This morning I was on the steps of the Supreme Court, as I have been each of the decision days starting last Monday. It's a real spectacle, with protestors and counter-protestors, interns running from the Court's press office to give their media principals slip opinions, and phalanxes of TV cameras, bright lights, screens, and assorted technical accoutrements. For someone whose job includes digesting and commenting on legal opinions, this last week of the high court's term is pretty much the Super Bowl.
Except today didn't feel that way. After Obamacare on Thursday and same-sex marriage on Friday, today was the most anticlimactic "last day of school" since I've begun doing this.
That's not to say that the three cases decided today were unimportant, either legally or politically. Indeed, until the Court took up King v. Burwell and Obergefell v. Hodges, each of them would've been considered among the "big ones" for what was, to that point, a low-key term. After all, we're talking about the death penalty, redistricting, and major environmental regulations. (And also the Court announced that it will again take up Fisher v. UT-Austin, the racial-preferences case that is set to become one of next term's blockbusters.)
Let's take the cases in the order they came:
- In Glossip v. Gross, the Court rejected a challenge to one of the drugs used by Oklahoma in administering lethal injections, arguing that its use violated the Eighth Amendment's prohibition on "cruel and unusual punishment." Justice Alito wrote a fairly technical opinion for the 5-justice majority based on two grounds: (1) the death-row inmates failed to identify an alternative method of execution that entails a lesser risk of pain; and (2) the district court didn't clearly err in finding that they hadn't established that the challenged drug was ineffective in rendering the executee unable to feel pain. Standard stuff, with which the four liberal justices -- acting in lockstep as they always do in big cases -- disagreed. But then Justice Breyer, joined by Justice Ginsburg alone, took issue with the constitutionality of the death penalty altogether, to which Justices Scalia and Thomas each wrote rejoinders. "Welcome to Groundhog Day," Scalia begins before stating that Breyer's opinion is "full of internal contradictions and (it must be said) gobbledy-gook" and concluding that Breyer "does not just reject the death penalty, he rejects the Enlightenment." Suffice it to say, read the whole thing.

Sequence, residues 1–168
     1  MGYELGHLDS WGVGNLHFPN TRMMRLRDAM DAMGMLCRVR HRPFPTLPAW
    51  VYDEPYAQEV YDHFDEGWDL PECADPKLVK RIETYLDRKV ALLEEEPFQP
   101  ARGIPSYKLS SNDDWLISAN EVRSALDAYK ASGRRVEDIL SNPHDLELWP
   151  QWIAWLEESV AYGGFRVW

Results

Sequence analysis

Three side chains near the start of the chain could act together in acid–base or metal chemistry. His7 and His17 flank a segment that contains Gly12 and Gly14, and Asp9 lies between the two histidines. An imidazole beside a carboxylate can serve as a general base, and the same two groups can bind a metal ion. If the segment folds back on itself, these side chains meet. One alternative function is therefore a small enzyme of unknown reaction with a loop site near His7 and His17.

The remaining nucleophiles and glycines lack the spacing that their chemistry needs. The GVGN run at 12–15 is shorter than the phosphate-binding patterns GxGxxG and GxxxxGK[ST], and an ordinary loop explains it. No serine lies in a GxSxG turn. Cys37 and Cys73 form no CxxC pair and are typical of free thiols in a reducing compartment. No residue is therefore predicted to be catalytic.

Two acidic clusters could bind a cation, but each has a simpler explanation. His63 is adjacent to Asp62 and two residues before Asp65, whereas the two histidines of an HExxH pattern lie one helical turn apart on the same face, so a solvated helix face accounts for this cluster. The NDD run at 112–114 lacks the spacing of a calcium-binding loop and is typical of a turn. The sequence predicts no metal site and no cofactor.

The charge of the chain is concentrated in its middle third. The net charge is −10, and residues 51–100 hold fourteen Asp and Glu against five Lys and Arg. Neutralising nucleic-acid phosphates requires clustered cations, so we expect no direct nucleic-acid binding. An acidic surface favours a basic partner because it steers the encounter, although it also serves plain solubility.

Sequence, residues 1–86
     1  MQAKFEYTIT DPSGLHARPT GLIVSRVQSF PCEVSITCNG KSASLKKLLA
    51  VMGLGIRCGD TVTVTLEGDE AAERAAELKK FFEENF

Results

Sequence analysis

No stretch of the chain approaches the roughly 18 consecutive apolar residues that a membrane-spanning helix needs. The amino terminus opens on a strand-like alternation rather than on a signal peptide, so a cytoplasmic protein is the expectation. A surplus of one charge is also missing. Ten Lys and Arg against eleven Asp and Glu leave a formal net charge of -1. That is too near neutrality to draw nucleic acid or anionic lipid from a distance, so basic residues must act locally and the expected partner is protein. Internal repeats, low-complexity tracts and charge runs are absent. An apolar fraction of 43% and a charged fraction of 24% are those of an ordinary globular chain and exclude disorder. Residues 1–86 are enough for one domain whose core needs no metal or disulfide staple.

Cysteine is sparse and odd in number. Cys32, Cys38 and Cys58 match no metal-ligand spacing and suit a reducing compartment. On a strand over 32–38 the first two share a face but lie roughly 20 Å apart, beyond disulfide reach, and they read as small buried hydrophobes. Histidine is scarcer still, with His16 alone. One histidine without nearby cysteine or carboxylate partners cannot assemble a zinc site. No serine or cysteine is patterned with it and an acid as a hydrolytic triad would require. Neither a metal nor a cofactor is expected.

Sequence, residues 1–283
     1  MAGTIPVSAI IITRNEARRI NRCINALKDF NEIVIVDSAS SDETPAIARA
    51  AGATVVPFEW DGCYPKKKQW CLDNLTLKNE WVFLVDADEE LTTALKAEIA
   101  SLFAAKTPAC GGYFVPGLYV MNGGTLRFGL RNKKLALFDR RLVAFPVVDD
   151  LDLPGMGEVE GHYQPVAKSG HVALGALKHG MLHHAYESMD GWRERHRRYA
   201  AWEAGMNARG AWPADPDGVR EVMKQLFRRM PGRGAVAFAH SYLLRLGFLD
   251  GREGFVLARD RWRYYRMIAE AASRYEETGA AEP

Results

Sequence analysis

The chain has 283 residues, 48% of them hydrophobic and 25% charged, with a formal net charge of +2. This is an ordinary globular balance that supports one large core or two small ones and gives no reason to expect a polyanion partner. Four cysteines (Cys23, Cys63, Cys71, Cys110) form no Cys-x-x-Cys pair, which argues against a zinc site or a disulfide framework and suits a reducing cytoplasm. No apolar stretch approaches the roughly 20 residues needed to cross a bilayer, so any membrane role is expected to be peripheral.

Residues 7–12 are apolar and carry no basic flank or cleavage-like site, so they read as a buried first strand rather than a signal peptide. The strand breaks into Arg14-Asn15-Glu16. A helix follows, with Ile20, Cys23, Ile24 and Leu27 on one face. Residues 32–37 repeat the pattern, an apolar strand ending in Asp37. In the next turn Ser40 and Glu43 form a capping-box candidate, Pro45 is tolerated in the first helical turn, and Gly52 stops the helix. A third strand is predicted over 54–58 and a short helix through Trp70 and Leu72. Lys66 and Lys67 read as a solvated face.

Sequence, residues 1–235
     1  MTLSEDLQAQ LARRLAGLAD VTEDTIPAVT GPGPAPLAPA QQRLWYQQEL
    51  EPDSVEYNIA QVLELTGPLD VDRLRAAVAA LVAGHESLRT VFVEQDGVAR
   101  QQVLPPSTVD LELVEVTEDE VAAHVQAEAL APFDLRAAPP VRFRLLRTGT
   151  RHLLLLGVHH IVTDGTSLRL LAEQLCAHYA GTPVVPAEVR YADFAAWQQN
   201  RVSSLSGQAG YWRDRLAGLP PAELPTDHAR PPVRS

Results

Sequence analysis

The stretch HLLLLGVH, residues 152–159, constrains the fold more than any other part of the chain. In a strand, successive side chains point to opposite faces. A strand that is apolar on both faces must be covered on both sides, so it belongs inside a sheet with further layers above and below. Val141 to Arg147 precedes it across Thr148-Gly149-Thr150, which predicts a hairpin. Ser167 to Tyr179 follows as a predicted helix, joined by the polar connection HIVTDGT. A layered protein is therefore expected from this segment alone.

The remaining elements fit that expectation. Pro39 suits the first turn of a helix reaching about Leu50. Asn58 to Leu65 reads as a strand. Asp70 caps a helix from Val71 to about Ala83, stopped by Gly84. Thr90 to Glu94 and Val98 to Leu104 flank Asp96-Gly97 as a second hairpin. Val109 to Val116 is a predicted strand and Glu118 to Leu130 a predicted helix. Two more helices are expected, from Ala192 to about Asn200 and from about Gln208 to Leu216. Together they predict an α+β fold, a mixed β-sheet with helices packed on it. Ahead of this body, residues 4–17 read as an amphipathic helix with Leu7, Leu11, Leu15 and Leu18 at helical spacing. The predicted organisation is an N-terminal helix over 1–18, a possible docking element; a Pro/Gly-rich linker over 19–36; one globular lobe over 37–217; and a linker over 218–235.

- Next, in Arizona State Legislature v. Arizona Independent Redistricting Commission, the Court rejected a challenge to an Arizona voter initiative that, to combat political gerrymandering, took the redistricting process out of the state legislature and gave it to a new (and supposedly independent) commission. The lawsuit claimed that this independent commission violated the U.S. Constitution's Elections Clause, which gives authority to regulate the times, places, and manner, of congressional elections to the "Legislature" of each state. Justice Ginsburg, again for a 5-justice majority, found that the law-making power was shared by the people and the legislature. Chief Justice Roberts authored the principal dissent and noted on its first page that the majority's position "has no basis in the text, structure, or history of the Constitution, and it contradicts precedents from both Congress and this Court." Well, then: tell us what you really think! Justices Scalia and Thomas then each dissent (and join each other's opinions) to take issue with the legislature's standing to bring this case in the first -- a pair of opinions that will be studied thoroughly given the increasing inter-branch lawsuits being brought at both the state and federal levels.
- Finally, in Michigan v. EPA, Justice Scalia gets to write a majority opinion (as he did on Friday, it must be said -- in the Armed Career Criminal Act case that was eclipsed by Obergefell). Put simply, the EPA cannot impose billions of dollars of regulatory costs on energy production without considering those costs at all in deciding whether to promulgate the challenged rule. This ruling stops the Obama climate-change regulatory agenda in its tracks, as my colleague Andrew Grossman describes more fully in a just-posted statement. The four liberals, through the witty pen of Justice Kagan, dissent. More interestingly, Justice Thomas writes a separate concurring opinion to question the wisdom of Chevron deference -- deferring to agency interpretations of statutes -- which dovetails with the one small silver lining of Chief Justice Roberts's King opinion.
In short, even if the last day of term was overshadowed by its penultimate days, it still produced high drama: each of the three rulings split on 5-4 lines with Justice Kennedy as the swing vote, and each produced memorable concurrences/dissents, particularly by Justice Scalia.
That also means that Chief Justice Roberts, as he did on marriage and disparate-impact in housing -- the "undercard" to King on Thursday -- returned to the conservative fold. (Those who think that John Roberts is "liberal" or has "evolved" while on the bench, like Justice David Souter and other Republican appointees, are simply wrong.)
Finally, the ruling in the EPA case clinched a winning record for Cato in briefs we filed in merits cases this term. We went 8-7, which is down from the previous two years but still a heckuva lot better than the government, which went 8-13. In other words, even if the term will be remembered for King v. Burwell -- and Obergefell, where the government wasn't a party -- it wasn't a bad year for liberty.
Update: This post was corrected after I recalculated the solicitor general’s won-loss record. I apparently had given the government slightly more credit than it deserved. Apologies.